We Don’t Need Tax Reform, We Need Tax Cuts!

By Ron Paul

Many Americans who have wrestled with a 1040 form, or who have paid someone to prepare their taxes, no doubt cheered the news that Congress will soon resume working on tax reform. However taxpayers should temper their enthusiasm because, even in the unlikely event tax collection is simplified, tax reform will not reduce the American people’s tax burden.

Trending: 20 Trump Triumphs the Media Ignored!

Congressional leadership’s one nonnegotiable requirement of any tax reform is “revenue neutrality.” So any tax reform plan that has any chance of even being considered, much less passed, by Congress must ensure that the federal government does not lose a nickel in tax revenue. Congress’s obsession with protecting the government’s coffers causes reformers to mix tax cuts with tax increases. Congress’s insistence on “offsetting” tax cuts with tax increases creates a political food fight where politicians face off over who should have their taxes raised, who should have their taxes cut, and who should have their taxes stay the same.

One offset currently being discussed is an increased tax on imports. This “border adjustment” tax would benefit export-driven industries at the expense of businesses that rely on imported products. A border adjustment tax would harm consumers who use, and retailers who sell, imported goods. The border adjustment tax is another example of politicians using tax reform to pick winners and losers instead of simply reducing everyone’s taxes.

When I was in Congress, I was often told that offsets do not raise taxes, they simply close loopholes. This is merely a game of semantics: by removing a way for some Americans to lower their taxes, closing a loophole is clearly a tax increase. While some claim loopholes are another way government distorts the market, I agree with the great economist Ludwig von Mises that “capitalism breathes through loopholes.”

By allowing individuals to keep more of their own money, loopholes promote economic efficiency since, as economist Thomas DiLorenzo put it, “private individuals always spend their own money more efficiently than government bureaucrats do.” Instead of making the tax system more “efficient” by closing loopholes, Congress should increase both economic efficiency and economic liberty by repealing the income tax and replacing it with nothing.

The revenue loss from ending the income tax should be “offset” with spending cuts. All federal spending, whether financed by taxes or by debt, forcibly removes resources from the private sector. Thus, all government spending is in essence a form of taxation. Therefore, cutting income and other taxes without cutting spending merely replaces one type of taxation with another. Instead of directly paying for big government via income taxes, deficit spending means citizens will be hit with an increase in the inflation tax. This tax, imposed on the people with the Federal Reserve’s monetization of debt, is the worst form of tax because it is both hidden and regressive.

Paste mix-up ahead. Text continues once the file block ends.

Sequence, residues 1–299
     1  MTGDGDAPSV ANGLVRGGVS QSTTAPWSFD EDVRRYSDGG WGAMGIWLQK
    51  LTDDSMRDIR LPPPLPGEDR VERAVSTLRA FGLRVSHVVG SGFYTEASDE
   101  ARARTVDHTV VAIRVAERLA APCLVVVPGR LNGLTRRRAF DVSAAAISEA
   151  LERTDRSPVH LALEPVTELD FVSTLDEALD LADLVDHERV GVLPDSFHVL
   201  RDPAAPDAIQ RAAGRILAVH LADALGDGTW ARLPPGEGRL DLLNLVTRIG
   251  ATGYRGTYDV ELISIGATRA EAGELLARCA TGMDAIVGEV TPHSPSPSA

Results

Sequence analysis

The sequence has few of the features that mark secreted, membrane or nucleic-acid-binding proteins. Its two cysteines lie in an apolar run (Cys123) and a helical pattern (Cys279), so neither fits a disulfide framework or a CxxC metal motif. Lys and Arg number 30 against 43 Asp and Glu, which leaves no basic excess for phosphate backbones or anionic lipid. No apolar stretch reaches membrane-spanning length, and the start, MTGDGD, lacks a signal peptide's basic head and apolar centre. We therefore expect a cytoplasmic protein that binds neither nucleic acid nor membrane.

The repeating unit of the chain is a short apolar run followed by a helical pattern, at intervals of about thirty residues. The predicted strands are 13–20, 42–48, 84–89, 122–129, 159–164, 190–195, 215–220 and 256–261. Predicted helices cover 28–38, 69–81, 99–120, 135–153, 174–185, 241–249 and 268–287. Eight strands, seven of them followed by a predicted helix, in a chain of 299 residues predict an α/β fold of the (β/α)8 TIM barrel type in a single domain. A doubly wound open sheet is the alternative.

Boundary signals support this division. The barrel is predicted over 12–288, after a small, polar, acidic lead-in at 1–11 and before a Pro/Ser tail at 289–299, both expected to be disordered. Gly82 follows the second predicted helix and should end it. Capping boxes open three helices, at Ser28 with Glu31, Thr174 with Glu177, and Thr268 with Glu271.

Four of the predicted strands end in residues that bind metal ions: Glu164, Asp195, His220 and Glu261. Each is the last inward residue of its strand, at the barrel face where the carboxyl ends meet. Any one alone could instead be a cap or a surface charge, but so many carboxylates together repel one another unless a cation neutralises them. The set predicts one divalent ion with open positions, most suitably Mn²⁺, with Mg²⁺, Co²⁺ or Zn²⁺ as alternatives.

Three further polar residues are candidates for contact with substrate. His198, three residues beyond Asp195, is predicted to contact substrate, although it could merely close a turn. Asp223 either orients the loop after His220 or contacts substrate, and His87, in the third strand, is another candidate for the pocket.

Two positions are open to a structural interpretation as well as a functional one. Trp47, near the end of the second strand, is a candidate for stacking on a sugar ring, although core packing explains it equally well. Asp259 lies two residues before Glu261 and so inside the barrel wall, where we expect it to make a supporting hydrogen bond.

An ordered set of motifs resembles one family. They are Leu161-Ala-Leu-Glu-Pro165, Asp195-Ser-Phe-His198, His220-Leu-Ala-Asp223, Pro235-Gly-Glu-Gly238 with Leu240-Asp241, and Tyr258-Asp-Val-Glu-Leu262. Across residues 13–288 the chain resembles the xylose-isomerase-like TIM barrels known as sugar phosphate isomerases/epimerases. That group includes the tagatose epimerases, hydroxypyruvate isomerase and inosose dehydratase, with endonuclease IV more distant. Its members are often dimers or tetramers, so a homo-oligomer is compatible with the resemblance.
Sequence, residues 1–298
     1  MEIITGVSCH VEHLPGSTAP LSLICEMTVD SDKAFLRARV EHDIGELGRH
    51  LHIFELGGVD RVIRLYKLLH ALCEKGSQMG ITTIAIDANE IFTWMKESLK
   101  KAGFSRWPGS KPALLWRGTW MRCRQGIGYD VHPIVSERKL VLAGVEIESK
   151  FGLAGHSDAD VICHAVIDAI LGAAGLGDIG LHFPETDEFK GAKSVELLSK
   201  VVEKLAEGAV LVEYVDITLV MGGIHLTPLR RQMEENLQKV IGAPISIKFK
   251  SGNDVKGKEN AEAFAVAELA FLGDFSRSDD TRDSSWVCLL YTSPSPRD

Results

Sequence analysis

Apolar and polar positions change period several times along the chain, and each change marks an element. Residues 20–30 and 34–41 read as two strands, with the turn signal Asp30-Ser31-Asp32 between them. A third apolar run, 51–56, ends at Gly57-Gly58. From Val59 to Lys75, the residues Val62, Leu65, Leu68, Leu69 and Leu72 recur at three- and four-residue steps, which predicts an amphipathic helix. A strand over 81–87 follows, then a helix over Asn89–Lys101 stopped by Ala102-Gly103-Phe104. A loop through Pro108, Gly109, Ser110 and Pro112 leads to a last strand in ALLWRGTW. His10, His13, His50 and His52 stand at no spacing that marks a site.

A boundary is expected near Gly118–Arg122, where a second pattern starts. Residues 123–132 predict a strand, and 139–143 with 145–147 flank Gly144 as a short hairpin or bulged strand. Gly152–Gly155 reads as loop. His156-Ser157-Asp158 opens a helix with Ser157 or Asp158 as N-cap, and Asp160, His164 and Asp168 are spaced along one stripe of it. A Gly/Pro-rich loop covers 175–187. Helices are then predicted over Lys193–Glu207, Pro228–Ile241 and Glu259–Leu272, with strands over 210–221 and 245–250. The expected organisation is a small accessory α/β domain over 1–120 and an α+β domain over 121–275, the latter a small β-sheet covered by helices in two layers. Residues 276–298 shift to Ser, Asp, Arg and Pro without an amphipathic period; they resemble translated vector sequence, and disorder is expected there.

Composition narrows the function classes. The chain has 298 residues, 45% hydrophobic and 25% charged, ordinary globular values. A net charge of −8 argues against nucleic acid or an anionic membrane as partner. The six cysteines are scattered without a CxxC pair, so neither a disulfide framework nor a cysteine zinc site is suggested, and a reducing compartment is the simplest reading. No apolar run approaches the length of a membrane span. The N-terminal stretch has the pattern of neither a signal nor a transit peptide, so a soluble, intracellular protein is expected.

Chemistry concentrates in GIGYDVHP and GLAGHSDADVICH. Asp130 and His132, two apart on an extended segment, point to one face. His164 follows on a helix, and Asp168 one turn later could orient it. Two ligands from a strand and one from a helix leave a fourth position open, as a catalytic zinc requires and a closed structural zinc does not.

Unfortunately, while Congress may make some small cuts in domestic spending, those cuts will be dwarfed by spending increases on infrastructure Keynesianism at home and military Keynesianism abroad. As long as Congress refuses to make serious reductions in spending, the American people will be subject to the tyranny of the IRS and the Federal Reserve.

The suffering will only get worse when concerns over government debt cause the dollar to lose its status as the world reserve currency. This will lead to a dollar crisis and a major economic meltdown. The only way to avoid this fate is for the people to demand a return to limited government in all areas, sound money, and an end to the income tax.


Reposted with Permission from the Ron Paul Institute for Peace and Prosperity


Constitution.com 🇺🇸

I am the supreme law of the United States. Originally comprising seven articles, I delineate the national frame of government. My first three articles entrench the doctrine of the separation of powers, whereby the federal government is divided into three branches: the legislative, consisting of the bicameral Congress; the executive, consisting of the President; and the judicial, consisting of the Supreme Court and other federal courts. Articles Four, Five and Six entrench concepts of federalism, describing the rights and responsibilities of state governments and of the states in relationship to the federal government. Article Seven establishes the procedure subsequently used by the thirteen States to ratify it. I am regarded as the oldest written and codified constitution in force of the world.

Please leave your comments below

We have no tolerance for comments containing violence, racism, vulgarity, profanity, all caps, or discourteous behavior. Thank you for partnering with us to maintain a courteous and useful public environment where we can engage in reasonable discourse.